Politically, socially and technologically, the world is in the midst of one of the most disruptive periods in living memory – this disruption is impacting where investment in sports is coming from, how sports content is created and distributed, and changing the dynamics of relationships between rights holders, sponsors and fans.
With global sponsorship spend forecast to reach over $62 billion in 2017 and global media rights spend expected to hit $45 billion, the top-line metrics remain positive. But this is a period of rapid change for sports.
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Remarkable investments – in properties, athletes and events at home and abroad – are emanating from China, part of the country’s government target to create a sports industry worth $813 billion by 2025. Other new key markets with large populations, notably Mexico, are emerging with sophisticated strategies for sport and major event hosting.
New markets are emerging and established markets evolving at the same time as fans around the world are accessing content in new ways and through multiple devices. This, added to the sheer volume of sports events and other entertainment options available to a consumer, is diluting the sports fan’s attention span: people are: people are intensely interested in fewer things, but generally interested in more things.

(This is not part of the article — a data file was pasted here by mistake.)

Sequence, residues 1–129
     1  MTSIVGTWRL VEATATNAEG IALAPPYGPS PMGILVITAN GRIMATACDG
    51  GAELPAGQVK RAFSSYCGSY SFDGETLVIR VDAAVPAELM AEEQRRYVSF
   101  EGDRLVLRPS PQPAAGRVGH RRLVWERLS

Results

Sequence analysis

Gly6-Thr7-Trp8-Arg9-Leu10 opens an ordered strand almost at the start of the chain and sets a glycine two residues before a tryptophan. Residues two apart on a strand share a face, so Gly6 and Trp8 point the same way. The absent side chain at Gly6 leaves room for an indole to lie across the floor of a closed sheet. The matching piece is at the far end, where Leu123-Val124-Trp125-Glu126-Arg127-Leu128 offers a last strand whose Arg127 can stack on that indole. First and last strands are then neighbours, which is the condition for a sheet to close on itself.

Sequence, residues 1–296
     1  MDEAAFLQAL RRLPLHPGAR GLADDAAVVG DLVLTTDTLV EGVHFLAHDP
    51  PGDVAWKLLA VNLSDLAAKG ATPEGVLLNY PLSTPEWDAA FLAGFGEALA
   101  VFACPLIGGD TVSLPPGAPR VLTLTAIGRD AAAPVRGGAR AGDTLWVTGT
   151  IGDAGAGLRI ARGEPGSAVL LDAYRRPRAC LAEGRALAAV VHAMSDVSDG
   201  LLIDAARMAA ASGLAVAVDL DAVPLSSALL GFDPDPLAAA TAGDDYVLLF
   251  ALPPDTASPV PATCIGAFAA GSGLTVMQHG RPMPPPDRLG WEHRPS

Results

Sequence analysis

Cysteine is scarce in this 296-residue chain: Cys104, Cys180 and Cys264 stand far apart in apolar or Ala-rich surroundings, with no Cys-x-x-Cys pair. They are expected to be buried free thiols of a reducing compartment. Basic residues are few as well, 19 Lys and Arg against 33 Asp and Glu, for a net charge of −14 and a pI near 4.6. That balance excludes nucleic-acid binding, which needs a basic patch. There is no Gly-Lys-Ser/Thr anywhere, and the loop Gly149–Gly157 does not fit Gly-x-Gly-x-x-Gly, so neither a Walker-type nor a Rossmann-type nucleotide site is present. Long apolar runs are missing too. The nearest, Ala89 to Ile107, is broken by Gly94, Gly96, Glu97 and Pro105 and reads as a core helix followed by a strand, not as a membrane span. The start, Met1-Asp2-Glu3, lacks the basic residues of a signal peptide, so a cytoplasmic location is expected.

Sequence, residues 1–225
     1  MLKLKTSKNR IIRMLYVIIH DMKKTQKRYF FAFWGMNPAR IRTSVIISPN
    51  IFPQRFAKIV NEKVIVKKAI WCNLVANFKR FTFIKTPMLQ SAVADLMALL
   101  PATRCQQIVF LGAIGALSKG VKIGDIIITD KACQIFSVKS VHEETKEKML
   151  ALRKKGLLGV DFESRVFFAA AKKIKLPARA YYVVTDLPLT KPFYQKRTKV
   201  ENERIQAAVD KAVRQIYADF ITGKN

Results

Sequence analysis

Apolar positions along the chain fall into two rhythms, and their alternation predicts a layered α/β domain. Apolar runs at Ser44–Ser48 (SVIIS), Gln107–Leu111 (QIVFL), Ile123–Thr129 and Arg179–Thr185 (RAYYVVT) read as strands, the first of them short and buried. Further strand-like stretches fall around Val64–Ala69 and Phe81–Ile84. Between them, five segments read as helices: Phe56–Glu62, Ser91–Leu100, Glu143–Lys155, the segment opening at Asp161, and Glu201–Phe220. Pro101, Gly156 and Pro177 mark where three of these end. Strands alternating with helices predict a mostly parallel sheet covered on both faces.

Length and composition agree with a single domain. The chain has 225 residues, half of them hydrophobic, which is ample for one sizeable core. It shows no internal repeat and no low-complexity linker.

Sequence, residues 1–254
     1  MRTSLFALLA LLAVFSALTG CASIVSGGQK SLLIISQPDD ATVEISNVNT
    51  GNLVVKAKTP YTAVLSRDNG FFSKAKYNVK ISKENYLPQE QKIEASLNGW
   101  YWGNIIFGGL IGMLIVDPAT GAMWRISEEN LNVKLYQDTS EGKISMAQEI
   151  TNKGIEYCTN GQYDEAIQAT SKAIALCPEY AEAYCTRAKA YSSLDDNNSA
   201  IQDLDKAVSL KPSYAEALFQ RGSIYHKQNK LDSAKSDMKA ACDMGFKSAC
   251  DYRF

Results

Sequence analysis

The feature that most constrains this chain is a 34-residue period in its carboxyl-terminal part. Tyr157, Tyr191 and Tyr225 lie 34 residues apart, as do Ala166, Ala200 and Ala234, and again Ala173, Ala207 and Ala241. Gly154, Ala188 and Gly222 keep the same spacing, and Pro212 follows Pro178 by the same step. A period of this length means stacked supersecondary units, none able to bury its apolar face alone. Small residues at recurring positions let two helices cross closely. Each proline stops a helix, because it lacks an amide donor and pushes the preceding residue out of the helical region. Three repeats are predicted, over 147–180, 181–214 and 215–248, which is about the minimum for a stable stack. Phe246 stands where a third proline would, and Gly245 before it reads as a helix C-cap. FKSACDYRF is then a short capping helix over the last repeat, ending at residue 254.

With increased competition for people’s time and disposable income, more sports events, leagues and federations are examining formats and, where appropriate, looking to repackage and reimagine events for a Millennial audience – major organizations in golf, motorsport, basketball, tennis and athletics have all developed new formats in recent times, following the lead set by cricket and its shortened Twenty20 format.
Linked to this, an increasing number of sports events are building music into fan and event packages. The Super Bowl sets the standard, but the repositioning of sports events as entertainment festivals is a trend to watch. 25% of the US population have attended a music event at or connected to a sporting event.